Travis Tygart

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Michael Phelps to testify at congressional anti-doping hearing

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Michael Phelps is one of five witnesses called to testify at a congressional hearing looking at ways to improve the international anti-doping system in Washington, D.C., on Tuesday.

Phelps will be joined by:

Adam Nelson, 2004 U.S. Olympic shot put champion
Travis Tygart, U.S. Anti-Doping Agency CEO
Dr. Richard Budgett, IOC Medical and Scientific Director
Rob Koehler, World Anti-Doping Agency Deputy Director General

The list was first reported by USA Today  and confirmed Wednesday night.

The House Committee on Energy and Commerce’s Subcommittee on Oversight and Investigations is examining the state of the international anti-doping system, challenges it faces and ways it can be improved before the 2018 Olympics.

“The Olympic Games represent the greatest athletes in the world, and we want to preserve the integrity of competition, and ensure clean sport,” subcommittee chairman Rep. Tim Murphy (R-Pa.) said in a press release. “This will be an important discussion to protect the revered distinction both the Olympics Games and their world class athletes hold.”

None of Phelps’ major results — 28 Olympic medals, 33 World Championships medals — have been impacted by the known doping of others.

But in Rio, he praised teammate Lilly King‘s criticisms of athletes competing who had previously served doping punishments. Phelps doubted he had ever competed in a clean sport.

“I think you’re going to probably see a lot of people speaking out more,” Phelps said in Rio, according to The Associated Press. “I think [King] is right, I think something needs to be done. It’s kind of sad today in sports in general, not just in swimming, there are people who are testing positive who are allowed back in the sport and multiple times. It kind of breaks what sport is meant to be and that’s what pisses me off.”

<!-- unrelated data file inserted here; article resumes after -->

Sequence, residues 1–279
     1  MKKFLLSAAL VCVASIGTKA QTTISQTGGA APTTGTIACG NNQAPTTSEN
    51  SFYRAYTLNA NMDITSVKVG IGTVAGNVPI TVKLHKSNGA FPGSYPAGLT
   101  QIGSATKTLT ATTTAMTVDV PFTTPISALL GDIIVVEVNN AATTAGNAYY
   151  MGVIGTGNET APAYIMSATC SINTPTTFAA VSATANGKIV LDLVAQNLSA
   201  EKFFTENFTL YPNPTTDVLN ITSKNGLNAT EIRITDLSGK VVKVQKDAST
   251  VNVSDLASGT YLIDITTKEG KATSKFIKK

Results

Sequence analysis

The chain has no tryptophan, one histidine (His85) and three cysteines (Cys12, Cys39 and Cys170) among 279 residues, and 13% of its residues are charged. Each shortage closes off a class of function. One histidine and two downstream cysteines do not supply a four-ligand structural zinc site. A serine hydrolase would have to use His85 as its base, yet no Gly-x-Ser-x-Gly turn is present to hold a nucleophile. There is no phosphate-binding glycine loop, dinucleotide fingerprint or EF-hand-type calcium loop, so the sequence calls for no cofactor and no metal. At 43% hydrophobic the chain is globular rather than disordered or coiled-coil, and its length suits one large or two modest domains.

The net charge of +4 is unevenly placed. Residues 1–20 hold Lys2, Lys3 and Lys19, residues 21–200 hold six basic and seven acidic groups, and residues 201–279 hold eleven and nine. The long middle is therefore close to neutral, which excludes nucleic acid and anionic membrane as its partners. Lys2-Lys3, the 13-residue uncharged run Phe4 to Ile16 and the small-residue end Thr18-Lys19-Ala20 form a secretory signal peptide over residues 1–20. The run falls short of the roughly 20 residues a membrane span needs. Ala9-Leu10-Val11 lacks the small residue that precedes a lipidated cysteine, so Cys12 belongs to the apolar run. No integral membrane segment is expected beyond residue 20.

Nelson originally took silver in the 2004 Olympic shot put. Nine years later, he was upgraded to gold after Ukraine’s Yuriy Bilonog was stripped for doping. He received his gold medal at an Atlanta airport food court, reportedly at a table in front of a Chinese restaurant.

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VIDEO: Phelps plays raucous 16th hole at TPC Scottsdale

USADA CEO: Report could justify Russia’s exclusion from Rio

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A report on Russian doping due out this week is expected to include details about the country’s sports ministry telling its drug-testing officials which positive tests to report and which to conceal. If those details do, indeed, show up in the report, the leader of the U.S. anti-doping effort says nothing short of removing the Russian flag from this summer’s Olympics would suffice.

Travis Tygart, the CEO of the U.S. Anti-Doping Agency, told The Associated Press he would support the same sort of action for all Russian sports that track’s governing body, the IAAF, took regarding the country’s track team: It barred the team but gave a small number of athletes who could prove they were clean a chance to compete under a neutral flag.

“If it’s proven true, and there’s been intentional subversion of the system by the Russian government … the only outcome is they can’t participate in these Olympic Games under that country’s flag,” Tygart said.

The World Anti-Doping Agency commissioned an investigation, being headed by Richard McLaren, into Russian doping following a New York Times story in May that detailed a state-run system that helped athletes get away with cheating and win medals at the Sochi Olympics in 2014. The McLaren report is due Friday, with public release set for next Monday.

An earlier investigation, headed by former WADA chairman Dick Pound, looked into Russian doping inside the track team; the McLaren investigation is expected to delve into all sports.